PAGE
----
In the Reformed tradition, pastors and elders typically are required to visit church members in their homes at least once per year. In larger churches, an elder assigned to care for a certain number of families often does the visits. Unfortunately, home visits have not become a universal practice for Presbyterian churches. Many Presbyterian pastors and elders make regular home visits; many do not.
Due to the relatively small sizes of the Presbyterian and Reformed churches of which I have been a member, the pastors usually make the visits themselves, often assisted by another pastor or elder. This personal act of being in the church members’ homes and caring for their spiritual needs builds much closeness between the consistory/session and the congregation. It is one thing to say hello in passing on a Sunday or to have a quick conversation after church. It is another thing entirely to have your pastor in your home, fellowshipping around a table, conversing about spiritual matters.
I learned of the concept of home visits soon after becoming Reformed. Before he came to our home, I presumed that my pastor cared for my wife and me and probably prayed for us. He even might have thought about our spiritual growth once or twice. After he visited me in my home, I had deep confidence that he cared for our souls and was very much concerned with our spiritual development. He takes his role as shepherd very seriously and knows that he is accountable before God for those under his care.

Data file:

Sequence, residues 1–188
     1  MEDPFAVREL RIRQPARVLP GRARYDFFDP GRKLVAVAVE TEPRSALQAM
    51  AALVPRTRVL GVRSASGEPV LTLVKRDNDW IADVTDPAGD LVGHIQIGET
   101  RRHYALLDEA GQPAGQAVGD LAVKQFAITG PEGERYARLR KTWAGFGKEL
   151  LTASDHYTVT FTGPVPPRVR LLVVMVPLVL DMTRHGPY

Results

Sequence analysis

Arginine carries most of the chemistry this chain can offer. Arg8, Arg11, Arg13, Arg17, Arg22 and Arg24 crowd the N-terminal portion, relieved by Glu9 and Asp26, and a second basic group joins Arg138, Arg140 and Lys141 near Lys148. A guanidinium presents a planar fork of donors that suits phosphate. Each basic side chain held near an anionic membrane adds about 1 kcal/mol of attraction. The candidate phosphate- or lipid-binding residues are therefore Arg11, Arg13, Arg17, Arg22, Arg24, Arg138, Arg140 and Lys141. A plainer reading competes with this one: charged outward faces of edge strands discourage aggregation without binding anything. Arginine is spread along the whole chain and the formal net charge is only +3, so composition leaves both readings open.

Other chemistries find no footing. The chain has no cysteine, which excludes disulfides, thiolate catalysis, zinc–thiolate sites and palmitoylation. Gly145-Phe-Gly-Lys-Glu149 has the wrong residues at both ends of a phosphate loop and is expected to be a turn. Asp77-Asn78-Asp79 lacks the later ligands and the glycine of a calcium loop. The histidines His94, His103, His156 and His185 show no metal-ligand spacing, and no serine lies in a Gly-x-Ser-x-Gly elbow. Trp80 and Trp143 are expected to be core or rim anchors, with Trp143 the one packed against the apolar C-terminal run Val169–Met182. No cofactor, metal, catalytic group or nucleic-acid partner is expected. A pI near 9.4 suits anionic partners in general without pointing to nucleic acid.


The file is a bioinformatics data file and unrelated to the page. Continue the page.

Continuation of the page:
The churches that I had attended in the past could not have been more different. I had been a member of two Evangelical mega-churches, where the senior pastors had no idea who I was. How could they know my name when they had congregations of over 5,000 people? If I missed a Sunday, no one noticed. The members were supposed to receive their pastoral care in Sunday School, not from the senior pastor. However, my Sunday School class was over 250 people. My Sunday School pastor knew my name, but overseeing countless ministries left him so overworked that he did not notice when I moved away. It was not until I joined a new church that the leadership even knew that I was gone. My own ecclesiology was so lacking that I did not deem it necessary to inform the pastor of my move. Our relationship went about as deep as the relationship that I had with my local barista. I did not tell my barista that I was moving, why tell my pastor? I do not blame the pastors in these churches. Most of them are fine men attempting to bear the workload of three people. It is the corporate system of the mega-church that is flawed.
Mega-churches are not conducive to shepherding people. The pastors must juggle innumerable projects while caring for thousands of people, many of whom live far from the church. The congregations of these churches are always transient, with a huge percentage of turnover each year. Many people who attend these churches eventually leave the congregation and fall away from the faith altogether because they feel forgotten. Does anybody really care about me as long as there is someone else to fill the offering basket and occupy my seat the next week?
My pastor knows my name; he knows where I live; and he knows what I look like across a kitchen table. I know the same things about him. If you are a member of a church and are not being shepherded, respectfully broach the subject of regular pastoral visitation. As a child of God, you have a right to belong to a church whose the pastor will care for your soul. There is great comfort in this.